- Ignoring restrictions: Suppose you plan your infrastructure maintenance budget to meet average forecasted deterioration or failures. If there are fewer problems than forecasted, you may find yourself with surplus maintenance capacity or reduced profitability. But if there are more problems than expected in a given time period than the average (and above your capacity to address) minimum service levels may not be met, capacity to produce may be lost or revenue generation may be constrained. Thus, there is some downside without a corresponding upside, and the average upside or profit is less than what would be forecasted based on averages.
- Ignoring optionality: if you are producing a product (e.g. energy) with an uncertain price, if the price drops below the marginal cost, you have the option to stop production to limit losses. If the price increases, you have the option to increase production to generate revenue and profit. These are upsides without a corresponding downside. If the value of the business is a function of price, the average value will be more than the value associated with the average price.
- The double whammy: if your goods are perishable and your production capacity is based on average demand, the cost of inventory management should be minimal. There is simply no waste. But below average demand will result in spoilage losses, and excess demand will result in additional costs such as sourcing alternative supply or the need to FedEx product to meet contractual commitments. So, the cost associated with average demand is zero, but the average cost is positive.
- The Flaw of Extremes. Sandbagging is a classic example of the law of extremes. What rational investment planner or asset manager would plan for the best case? Typically, each individual put in a risk buffet to ensure they can deliver, or even over-deliver. The impact becomes a very flawed budget when layers of unnecessary sandbagging become increasingly thick as the budget moves through the organizational hierarchy.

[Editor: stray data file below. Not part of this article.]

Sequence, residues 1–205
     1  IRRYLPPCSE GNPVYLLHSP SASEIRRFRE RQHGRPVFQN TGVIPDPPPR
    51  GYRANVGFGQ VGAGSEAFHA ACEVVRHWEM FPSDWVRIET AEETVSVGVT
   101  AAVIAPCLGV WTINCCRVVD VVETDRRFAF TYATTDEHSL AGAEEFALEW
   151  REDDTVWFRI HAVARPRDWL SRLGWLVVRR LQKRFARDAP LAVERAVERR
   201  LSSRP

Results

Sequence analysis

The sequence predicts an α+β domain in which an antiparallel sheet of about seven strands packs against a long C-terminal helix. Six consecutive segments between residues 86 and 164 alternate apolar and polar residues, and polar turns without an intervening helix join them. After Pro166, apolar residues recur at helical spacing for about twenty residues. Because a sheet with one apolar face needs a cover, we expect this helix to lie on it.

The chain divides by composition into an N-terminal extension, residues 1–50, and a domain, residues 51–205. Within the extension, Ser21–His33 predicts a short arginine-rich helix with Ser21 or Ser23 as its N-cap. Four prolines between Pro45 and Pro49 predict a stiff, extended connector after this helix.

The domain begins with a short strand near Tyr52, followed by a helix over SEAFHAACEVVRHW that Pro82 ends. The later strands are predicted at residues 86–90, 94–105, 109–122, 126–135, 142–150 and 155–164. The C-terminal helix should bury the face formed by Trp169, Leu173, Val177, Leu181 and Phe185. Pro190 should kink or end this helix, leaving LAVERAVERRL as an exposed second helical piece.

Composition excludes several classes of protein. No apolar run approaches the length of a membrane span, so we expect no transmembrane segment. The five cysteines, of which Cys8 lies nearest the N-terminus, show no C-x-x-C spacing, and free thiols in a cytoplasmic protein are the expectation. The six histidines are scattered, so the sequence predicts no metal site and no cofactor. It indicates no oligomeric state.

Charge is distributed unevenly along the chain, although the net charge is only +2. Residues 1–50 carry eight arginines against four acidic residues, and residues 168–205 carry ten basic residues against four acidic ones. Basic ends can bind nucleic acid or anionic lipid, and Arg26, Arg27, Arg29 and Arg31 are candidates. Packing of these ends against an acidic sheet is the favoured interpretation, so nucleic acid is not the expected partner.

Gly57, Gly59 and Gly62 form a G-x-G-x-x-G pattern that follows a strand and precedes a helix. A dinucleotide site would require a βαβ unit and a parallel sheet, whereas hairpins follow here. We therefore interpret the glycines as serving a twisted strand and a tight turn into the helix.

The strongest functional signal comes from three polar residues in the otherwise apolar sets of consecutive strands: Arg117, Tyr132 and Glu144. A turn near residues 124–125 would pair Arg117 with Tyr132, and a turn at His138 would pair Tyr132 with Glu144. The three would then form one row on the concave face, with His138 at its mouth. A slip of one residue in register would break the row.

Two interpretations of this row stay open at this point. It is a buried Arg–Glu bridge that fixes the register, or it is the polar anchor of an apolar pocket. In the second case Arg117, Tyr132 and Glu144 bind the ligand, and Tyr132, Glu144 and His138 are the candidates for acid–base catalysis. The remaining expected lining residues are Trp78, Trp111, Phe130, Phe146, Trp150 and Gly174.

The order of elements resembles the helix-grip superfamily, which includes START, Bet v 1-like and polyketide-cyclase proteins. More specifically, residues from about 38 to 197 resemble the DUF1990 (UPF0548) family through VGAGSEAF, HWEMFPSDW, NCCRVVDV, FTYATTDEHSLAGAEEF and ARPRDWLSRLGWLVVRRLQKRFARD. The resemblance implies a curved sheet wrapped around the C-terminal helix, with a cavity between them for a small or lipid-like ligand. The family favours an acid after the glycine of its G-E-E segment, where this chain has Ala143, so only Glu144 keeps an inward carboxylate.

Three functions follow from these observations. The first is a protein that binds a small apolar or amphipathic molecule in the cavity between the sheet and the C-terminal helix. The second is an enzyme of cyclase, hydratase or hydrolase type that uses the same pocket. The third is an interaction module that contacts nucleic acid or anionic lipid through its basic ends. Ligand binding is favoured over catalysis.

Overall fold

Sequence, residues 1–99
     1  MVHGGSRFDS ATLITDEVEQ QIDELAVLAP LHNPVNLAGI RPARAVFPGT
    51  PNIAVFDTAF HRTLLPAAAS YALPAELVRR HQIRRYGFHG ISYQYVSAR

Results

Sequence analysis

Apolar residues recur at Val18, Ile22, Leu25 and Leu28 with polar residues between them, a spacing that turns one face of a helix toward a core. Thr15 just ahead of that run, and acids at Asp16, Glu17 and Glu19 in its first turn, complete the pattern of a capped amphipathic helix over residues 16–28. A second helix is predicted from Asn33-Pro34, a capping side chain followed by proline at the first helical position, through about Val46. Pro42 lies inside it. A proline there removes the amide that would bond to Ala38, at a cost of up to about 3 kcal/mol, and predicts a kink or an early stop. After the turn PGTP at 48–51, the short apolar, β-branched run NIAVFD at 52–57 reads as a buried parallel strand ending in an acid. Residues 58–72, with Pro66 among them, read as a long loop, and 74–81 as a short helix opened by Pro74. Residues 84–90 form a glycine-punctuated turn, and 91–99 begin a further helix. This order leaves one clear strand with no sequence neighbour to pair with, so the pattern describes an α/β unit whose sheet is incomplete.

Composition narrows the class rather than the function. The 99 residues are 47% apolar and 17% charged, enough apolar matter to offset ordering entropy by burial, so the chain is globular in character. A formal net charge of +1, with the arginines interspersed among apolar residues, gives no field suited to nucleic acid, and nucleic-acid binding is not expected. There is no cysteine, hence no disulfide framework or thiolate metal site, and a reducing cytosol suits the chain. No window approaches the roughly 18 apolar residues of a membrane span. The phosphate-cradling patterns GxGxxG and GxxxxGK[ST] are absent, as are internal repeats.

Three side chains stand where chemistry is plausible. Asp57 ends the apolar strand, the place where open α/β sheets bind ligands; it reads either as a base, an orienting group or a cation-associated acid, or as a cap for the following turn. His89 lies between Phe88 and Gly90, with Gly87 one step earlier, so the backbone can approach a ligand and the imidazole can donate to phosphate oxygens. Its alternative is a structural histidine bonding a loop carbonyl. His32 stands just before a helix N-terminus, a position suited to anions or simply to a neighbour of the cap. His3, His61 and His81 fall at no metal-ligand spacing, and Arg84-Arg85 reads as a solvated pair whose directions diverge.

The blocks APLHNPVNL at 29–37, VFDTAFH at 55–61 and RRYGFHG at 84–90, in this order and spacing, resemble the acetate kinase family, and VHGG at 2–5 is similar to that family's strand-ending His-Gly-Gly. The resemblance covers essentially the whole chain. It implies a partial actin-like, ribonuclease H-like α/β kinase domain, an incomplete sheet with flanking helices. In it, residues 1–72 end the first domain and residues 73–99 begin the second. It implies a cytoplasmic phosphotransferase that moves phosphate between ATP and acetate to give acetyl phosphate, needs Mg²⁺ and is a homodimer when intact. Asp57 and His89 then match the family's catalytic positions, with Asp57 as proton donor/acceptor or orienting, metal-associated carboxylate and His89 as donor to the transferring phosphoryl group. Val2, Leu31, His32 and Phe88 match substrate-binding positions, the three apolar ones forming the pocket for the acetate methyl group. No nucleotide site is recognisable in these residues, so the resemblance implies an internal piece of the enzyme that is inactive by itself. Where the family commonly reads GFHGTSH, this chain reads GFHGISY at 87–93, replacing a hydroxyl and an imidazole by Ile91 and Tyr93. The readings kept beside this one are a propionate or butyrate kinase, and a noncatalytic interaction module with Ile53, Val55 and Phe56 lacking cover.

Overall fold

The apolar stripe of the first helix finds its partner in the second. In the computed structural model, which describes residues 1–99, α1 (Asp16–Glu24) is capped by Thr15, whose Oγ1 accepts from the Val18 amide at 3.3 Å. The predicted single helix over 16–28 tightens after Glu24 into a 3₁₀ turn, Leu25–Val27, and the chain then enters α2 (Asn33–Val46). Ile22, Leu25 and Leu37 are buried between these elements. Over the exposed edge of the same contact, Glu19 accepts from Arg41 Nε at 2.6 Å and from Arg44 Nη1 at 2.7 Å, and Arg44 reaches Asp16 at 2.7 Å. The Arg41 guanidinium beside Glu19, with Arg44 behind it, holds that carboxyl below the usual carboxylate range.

- Simpson’s Paradox. This is a situation where a trend appears in several different groups of data but disappears when the groups are combined.
- Scholtes’ Revenue Fallacy: Most of us have committed this flaw without knowing it. Put simply, average percentages cannot be added…it’s just math. It is also something that DIREXYON regularly sees in asset investment plans.
- Taking credit for chance occurrences: You would probably be surprised if someone tosses a coin 10 times and gets heads every time. The chances of this are 1-in-1024. This person must have some special coin tossing abilities, right? In reality, this is just chance, and should be expected when 1,000+ people are tossing coins.
THE SOLUTION TO BETTER AIP
Fortunately, there is a solution to the Flaw of Averages. There are widely accepted data science techniques, such as Monte Carlo simulation, that address these problems by accounting fully for uncertainty. While these methods are complex, there are software solutions that allow you to drive better decision-making without getting a PhD in data science. My company, DIREXYON, develops this type of software and there are others in the market as well.
In a nutshell, software solutions like ours solve this problem by using powerful computers to simulate multiple possible futures and employ a wide range of inputs instead of single average values. Today, this technique, known as simulation, is at the center of such diverse activities as Wall Street investing and military defense planning. It is also best practice for AIP.